To goal of this experiment is to develop a procedure for selecting utterances from a list of predicted responses and to evaluate the effects of different language models, pronunciation lexicons, and acoustic models.
The speech material for the present experiments was taken from the JASMIN speech corpus , which contains speech of children, non-natives, and elderly people. Since the non-native component of the JASMIN corpus was collected for the aim of facilitating the development of ASR-based language learning applications, it is particularly suited for our purpose. Speech from speakers with different mother tongues was collected, because this realistically reflects the situation in Dutch L2 classes. These speakers have relatively low proficiency levels, namely, A1, A2, and B1 of the Common European Framework (CEF), because it is for these levels that ASR-based CALL applications appear to be most needed.
The JASMIN corpus contains speech collected in two different modalities: read speech and human-machine dialogues. The latter were used for our experiments because they more closely resemble the situation we will encounter in our CALL application. The JASMIN dialogues were collected through a Wizard-of-Oz-based platform and were designed such that the wizard was in control of the dialogue and could intervene when necessary. In addition, recognition errors were simulated and difficult questions were asked to elicit some typical phenomena of human-machine interaction that are known to be problematic in the development of spoken dialogue systems, such as hyperarticulation, restarts, filled pauses, self-talk, and repetitions.
The material we used for the present experiments consists of speech from 45 speakers, 40% male and 60% female, with 25 different L1 backgrounds. Ages range from 19 to 55, with a mean of 33. The speakers each give answers to 39 questions about a journey. We first deleted the utterances that contain crosstalk, background noise, and whispering from the corpus. After deletion of these utterances the material consists of 1325 utterances. The mean signal-to-noise-ratio (SNR) of the material is 24.9 with a standard deviation of 5.1.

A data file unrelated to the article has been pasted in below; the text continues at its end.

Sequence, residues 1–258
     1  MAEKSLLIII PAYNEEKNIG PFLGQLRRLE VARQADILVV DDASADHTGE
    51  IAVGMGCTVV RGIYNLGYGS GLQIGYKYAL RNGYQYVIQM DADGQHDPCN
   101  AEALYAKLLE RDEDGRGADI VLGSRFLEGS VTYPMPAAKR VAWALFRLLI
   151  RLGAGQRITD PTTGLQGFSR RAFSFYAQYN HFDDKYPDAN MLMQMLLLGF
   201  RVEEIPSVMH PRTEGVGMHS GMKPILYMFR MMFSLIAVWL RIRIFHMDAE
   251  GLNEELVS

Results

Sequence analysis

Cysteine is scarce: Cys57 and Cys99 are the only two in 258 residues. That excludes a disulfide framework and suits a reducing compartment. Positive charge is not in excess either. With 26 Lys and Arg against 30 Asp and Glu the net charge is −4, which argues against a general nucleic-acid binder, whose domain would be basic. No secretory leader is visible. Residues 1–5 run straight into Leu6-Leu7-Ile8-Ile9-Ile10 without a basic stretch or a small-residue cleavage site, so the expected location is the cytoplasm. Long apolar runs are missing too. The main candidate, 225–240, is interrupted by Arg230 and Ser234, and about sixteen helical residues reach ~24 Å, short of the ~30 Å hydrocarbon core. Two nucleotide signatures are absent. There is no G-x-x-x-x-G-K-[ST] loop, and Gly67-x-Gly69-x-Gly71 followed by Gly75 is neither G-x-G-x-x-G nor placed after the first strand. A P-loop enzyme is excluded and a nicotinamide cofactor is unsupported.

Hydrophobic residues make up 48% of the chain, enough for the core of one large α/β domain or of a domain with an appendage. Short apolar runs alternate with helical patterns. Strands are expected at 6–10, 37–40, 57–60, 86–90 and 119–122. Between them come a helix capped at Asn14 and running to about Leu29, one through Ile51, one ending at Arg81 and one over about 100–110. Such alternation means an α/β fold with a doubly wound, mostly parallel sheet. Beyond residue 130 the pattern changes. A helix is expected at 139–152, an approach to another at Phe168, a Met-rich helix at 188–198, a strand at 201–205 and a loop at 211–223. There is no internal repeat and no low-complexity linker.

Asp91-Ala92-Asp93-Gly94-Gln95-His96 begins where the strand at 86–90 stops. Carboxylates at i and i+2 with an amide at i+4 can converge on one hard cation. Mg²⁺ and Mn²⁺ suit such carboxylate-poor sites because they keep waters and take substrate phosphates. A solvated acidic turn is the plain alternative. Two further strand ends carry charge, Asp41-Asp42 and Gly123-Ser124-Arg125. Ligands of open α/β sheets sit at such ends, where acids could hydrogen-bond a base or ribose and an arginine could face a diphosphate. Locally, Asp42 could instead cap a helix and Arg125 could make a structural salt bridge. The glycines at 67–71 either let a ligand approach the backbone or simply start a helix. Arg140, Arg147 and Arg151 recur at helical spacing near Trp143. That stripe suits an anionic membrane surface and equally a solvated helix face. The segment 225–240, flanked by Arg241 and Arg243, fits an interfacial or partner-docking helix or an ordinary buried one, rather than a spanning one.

Considering all these characteristics, we can state that the JASMIN non-native dialogues are similar to the speech we will encounter in our CALL application for various reasons: () they contain answers to relatively constrained questions, () they contain semispontaneous speech, () of non-natives with different L1s, () which features spontaneous phenomena such as filled pauses and disfluencies. However, since hesitation phenomena were purposefully induced in the JASMIN dialogues, their incidence is probably higher than in typical non-native dialogues.
4.1.2. Speech Recognizer
The speech recognizer we used in this research is SPRAAK , an open source hidden markov model (HMM)-based ASR package. The input speech, sampled at 16 kHz, is divided into overlapping 32 milliseconds Hamming windows with a 10 milliseconds shift and preemphasis factor of 0.95. However, 12 Mel-frequency cepstral coefficients (MFCC) plus , and their first and second order derivatives were calculated and cepstral mean subtraction (CMS) was applied. The constrained language models and pronunciation lexicons are implemented as finite state machines (FSM).
To simulate the ASR task in our CALL application, we generated lists of the answers given by each speaker to each of the 39 questions. These lists mimic the predicted responses in our CALL application task because they contain (a) responses to relatively closed questions and (b) morphologically and syntactically correct and incorrect responses.
4.1.3. Language Modelling
Our approach is to use a constrained language model (LM) to restrict the search space. In total 39 LMs were generated based on the responses to each of the 39 questions. These responses were manually transcribed at the orthographic level. Filled pauses, restarts, and repetitions were also annotated.
Filled pauses are common in everyday spontaneous speech and generally do not hamper communication. It seems therefore that students using a CALL application should be allowed to produce a limited amount of filled pauses. In our material 46% of the utterances contain one or more filled pauses and almost 13% of all transcribed units are filled pauses.
However, 11% of the utterances contain one or more other disfluencies such as restarts, repairs and repetitions. While these also occur in normal speech, albeit less frequently, we think that in a CALL application for training oral proficiency students should be stimulated to produce fluent speech. On these grounds, we decided not to tolerate restarts, repetitions and repairs and to ask the students to try again when one of these phenomena is produced. Therefore, in our research we did not focus on restarts, repairs, and repetitions, we only included their orthographic transcriptions in the LM and their manual phonetic transcriptions in the lexicon.